Seeley Swan Pathfinder -

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By Micah Drew

Gary Johnson Tackles Tour Divide

It's Beautiful and It's Brutal


Micah Drew, Pathfinder

Gary Johnson packs up his bike before leaving Seeley Lake. Johnson carries 40 pounds of gear with him on the self-supported race.

SEELEY LAKE, MONT. - Thursday evening, June 15 Gary Johnson slowly walked across Highway 83 in Seeley Lake, carrying his wrapped up leftovers from dinner at the Filling Station and shivering. He looked his 64 years of age.

Johnson shuffled up to the window of the Ice Cream Place and ordered a large chocolate milk shake.

"I'm doing the Tour Divide Ride," he told the girl at the window. "I need all the sugar."

Typically Johnson doesn't eat sugar in his diet-he also hasn't had a drop of alcohol in 30 years-but this is a special occasion.

Johnson was 522 miles into the 2,745-mile Tour Divide Ride, a mountain bike race that stretches from Banff, Canada to Antelope Wells, New Mexico. The Tour Divide is billed as the world's toughest bike race.

Johnson called it his greatest physical challenge yet, this from a guy who climbed Mt. Everest shortly after breaking his leg.

"Relating it to the Seven Summits, you go on these expeditions and the days you are actually climbing... there's downtime mountaineering," said Johnson. "This is cumulative to the Seven Summits on the climbing days. It really is something."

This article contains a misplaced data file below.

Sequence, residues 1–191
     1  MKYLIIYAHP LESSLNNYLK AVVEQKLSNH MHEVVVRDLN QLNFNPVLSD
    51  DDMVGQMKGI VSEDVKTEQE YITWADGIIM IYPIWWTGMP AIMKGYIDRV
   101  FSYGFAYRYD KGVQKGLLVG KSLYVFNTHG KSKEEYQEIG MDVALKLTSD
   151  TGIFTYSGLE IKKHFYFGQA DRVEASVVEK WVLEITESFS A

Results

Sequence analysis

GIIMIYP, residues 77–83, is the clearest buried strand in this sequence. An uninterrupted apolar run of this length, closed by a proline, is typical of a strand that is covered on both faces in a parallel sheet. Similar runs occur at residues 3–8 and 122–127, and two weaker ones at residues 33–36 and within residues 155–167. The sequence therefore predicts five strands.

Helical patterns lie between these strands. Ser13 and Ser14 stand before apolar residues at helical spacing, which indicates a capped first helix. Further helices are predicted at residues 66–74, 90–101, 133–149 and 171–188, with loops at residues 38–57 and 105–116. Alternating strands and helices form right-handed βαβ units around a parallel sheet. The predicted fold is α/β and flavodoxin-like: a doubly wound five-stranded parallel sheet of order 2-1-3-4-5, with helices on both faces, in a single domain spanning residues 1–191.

He only has 2,200 miles to go.

Riders left Banff en masse June 9. The leaders are somewhere in Wyoming.

At 64 years of age, Johnson isn't competing with the top riders but he is far from the last one on the course.

* * *

With a fifth of the distance behind him, Johnson took solace in having an actual bed for the night. He lounged in his hotel room, drinking his milkshake. The room, crammed with his bike and 40 pounds worth of gear strewn everywhere, felt like a sauna. Johnson cranked the heat up to maximum before getting his food.

The bikers racing for the win will skip the luxury of a hotel but they're trying to finish in a little more than two weeks.

"I'm not going to win, but holy cow to finish this thing..." Johnson trailed off as he took a slurp of his shake. "That's my goal, to finish."

Johnson estimated it will take him about 40 days to finish the ride.

Not bad for someone who didn't start mountain biking seriously until his 50s.

Growing up, Johnson participated in a lot of sports. He remembers being the only kid in high school who bicycled and the only one who biked home at midnight after work. He claims to have been a half-hearted biker, half-hearted swimmer and half-hearted runner but discovered that when he combined all three he was a pretty decent triathlete.

He's completed four Hawaii Ironmans since then.

Johnson said that running was actually his best of the three disciplines-he has a 2:47 marathon to his credit and has run the Leadville 100 run in Colorado.

In that race he got 84 miles into it-by running backwards down the hills due to sore quads-and couldn't move another step.

"But what are you going to do, quit with 16 miles to go when you have 6 hours and 45 minutes to do it?" He finished 15 minutes before the 30-hour cutoff.